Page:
Concerns have been raised that festival goers will drink, take drugs, urinate and vomit outside homes in Morden if the Electrics Festival returns to Morden Park for a third year. 

The house and techno festival originally applied for a licence for three days, but now organisers want it to run over two days from Saturday, August 4. 

Last year it was a two day event and the previous year just one. 

Tickets are already on sale, costing £45 for a weekend ticket, but residents nearby are adamant they don’t want it to come back.

Pippa Maslin lives in the Hatfield Mead estate and described “unacceptable noise level” and “foul language from performers” at last year’s event. 

The Green Party prospective parliamentary candidate for Mitcham and Morden in 2020, said: “As someone who lives just over the road from the park, and loves its thriving wildlife and the tranquillity of the space, the prospect of future Eastern Electrics festivals, with a third day and increased capacity, angers me deeply.”

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Fellow objector, Steve Shimwell of Central Road, claims that last year he saw a group of eight young men climbing into the festival carrying two bin bags. 

He added: “Six months after the end of Eastern Electrics and it has become clear that most local residents are furious over plans to host it again.

“If you look carefully, you can still find festival debris and rubbish in the streets and the park.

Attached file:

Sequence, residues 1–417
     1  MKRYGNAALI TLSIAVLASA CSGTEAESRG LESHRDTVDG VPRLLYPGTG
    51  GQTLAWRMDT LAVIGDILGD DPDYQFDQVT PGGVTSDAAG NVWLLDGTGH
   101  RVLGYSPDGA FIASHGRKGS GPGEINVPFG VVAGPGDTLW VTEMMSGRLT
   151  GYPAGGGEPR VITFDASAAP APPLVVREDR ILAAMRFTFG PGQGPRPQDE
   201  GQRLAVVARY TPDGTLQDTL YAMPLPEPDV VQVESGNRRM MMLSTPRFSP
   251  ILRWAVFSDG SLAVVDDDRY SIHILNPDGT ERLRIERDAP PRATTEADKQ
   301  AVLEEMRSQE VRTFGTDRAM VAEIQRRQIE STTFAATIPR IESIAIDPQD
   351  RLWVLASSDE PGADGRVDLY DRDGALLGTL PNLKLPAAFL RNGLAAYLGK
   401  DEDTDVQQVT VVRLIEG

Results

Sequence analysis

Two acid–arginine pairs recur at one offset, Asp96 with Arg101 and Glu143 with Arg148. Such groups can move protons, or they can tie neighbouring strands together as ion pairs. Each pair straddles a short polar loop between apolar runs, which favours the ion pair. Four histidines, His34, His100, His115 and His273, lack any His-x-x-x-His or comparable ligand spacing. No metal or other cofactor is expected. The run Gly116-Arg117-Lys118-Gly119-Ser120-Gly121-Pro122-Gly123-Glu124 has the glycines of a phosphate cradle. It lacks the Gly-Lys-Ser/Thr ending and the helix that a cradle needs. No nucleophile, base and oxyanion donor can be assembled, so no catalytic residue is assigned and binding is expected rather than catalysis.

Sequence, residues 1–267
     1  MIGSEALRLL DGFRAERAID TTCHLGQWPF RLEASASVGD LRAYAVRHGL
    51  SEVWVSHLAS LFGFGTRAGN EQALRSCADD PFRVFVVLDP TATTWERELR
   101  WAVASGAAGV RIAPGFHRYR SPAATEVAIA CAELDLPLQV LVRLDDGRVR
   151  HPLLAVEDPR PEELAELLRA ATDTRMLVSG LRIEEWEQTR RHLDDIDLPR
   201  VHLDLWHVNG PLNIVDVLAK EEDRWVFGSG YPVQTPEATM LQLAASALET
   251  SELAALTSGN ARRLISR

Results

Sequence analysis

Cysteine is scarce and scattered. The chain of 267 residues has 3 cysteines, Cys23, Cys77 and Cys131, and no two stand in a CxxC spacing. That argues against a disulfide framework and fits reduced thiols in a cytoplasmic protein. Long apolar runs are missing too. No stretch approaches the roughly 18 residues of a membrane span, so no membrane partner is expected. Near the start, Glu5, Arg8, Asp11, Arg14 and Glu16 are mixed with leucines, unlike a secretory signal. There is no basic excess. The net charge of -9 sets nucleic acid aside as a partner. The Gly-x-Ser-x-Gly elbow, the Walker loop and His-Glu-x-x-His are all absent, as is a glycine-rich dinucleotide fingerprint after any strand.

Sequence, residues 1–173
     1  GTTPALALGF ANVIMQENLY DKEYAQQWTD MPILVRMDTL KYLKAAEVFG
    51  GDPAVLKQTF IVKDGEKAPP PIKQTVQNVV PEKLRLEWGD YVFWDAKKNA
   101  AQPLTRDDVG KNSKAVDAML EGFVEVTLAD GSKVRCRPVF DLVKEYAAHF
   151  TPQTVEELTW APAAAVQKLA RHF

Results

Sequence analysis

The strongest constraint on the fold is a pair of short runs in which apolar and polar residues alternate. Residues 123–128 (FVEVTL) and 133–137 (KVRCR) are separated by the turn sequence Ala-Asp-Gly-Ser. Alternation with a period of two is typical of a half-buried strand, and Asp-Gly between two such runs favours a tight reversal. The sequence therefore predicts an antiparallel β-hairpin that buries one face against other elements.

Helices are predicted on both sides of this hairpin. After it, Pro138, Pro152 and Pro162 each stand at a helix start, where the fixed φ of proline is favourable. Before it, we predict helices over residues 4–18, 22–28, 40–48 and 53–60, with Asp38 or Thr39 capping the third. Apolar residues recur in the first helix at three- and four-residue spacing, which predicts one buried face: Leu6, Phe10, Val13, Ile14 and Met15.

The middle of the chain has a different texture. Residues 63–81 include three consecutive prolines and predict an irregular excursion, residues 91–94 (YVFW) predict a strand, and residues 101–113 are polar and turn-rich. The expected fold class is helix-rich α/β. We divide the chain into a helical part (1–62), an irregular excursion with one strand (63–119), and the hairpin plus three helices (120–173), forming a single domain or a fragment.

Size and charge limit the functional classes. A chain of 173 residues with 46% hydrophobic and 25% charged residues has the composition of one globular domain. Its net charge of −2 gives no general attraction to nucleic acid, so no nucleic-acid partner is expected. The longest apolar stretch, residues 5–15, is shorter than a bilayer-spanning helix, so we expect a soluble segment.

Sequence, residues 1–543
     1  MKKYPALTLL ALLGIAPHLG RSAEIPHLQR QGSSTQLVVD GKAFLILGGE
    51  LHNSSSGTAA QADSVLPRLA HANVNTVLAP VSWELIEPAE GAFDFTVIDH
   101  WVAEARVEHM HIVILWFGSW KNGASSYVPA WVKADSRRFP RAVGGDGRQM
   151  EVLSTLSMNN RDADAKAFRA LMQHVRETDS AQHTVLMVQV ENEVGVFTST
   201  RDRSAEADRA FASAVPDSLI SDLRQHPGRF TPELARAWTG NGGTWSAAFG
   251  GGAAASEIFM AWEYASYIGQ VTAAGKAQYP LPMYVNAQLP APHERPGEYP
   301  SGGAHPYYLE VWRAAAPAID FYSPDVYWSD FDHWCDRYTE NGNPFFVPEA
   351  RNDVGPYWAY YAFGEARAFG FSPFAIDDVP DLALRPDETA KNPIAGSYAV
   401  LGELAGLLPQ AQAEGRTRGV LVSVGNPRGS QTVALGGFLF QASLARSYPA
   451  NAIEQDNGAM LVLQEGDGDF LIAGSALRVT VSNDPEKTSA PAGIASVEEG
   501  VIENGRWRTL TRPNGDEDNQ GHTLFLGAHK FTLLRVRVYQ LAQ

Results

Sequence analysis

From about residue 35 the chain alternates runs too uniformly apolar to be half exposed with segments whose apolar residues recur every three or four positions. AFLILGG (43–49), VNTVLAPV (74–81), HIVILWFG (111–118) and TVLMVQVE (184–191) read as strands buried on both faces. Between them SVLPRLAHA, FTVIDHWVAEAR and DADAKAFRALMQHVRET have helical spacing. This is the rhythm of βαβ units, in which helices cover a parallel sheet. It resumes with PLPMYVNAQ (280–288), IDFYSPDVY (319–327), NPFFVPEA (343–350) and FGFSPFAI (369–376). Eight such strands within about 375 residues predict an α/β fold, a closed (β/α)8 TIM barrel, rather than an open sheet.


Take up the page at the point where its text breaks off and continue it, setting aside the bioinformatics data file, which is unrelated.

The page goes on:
“And people do not want an infernal bass noise echoing round the neighbourhood, rowdy, drunken, anti-social behaviour returning, with understaffed police to oversee it, and the appropriation of our park for 16 days mid summer holidays, when it should be a peaceful oasis for families and kids to visit and enjoy.”

What do the police say?

A representation from Russ Stevens on behalf of Metropolitan Police states that three days of the festival would be ‘too much to expect local residents to endure three consecutive days’.

In 2017 the police recorded three thefts, one sexual assault, and five calls to police regarding anti social behaviour (ASB) but there were no arrests.

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Last year there were nine calls to the police regarding ASB, eight thefts recorded, one assault and one drugs offence recorded. 

There were also three arrests for possession of drugs with intent to supply and an arrest of a man wanted for burglary.
What does Eastern Electrics actually want? 

An application set to be discussed by Merton Council’s licensing sub committee is for the sale of alcohol from 11am to 10pm on the Friday and Saturday, and from 11am to 9:30pm on the Sunday.

Live and recorded music from 11am to 10.30pm on the Friday and Saturday, and from 11am to 10pm on Sunday.
Premises would open from 11am to 11:30pm on the Friday and Saturday, and from 11am to 11pm on the Sunday.

A spokeswoman for the Bigbox, which runs press for the event, said they "continue to have ongoing dialogue with the local authority and police regarding Eastern Electrics and have addressed all of the points of concern in our preparations for this year’s event, these will be discussed in detail at the licence sub committee hearing next Wednesday."

Merton Council’s licensing sub-committee will meet at Merton Civic Centre on Wednesday (January 30) from 6pm.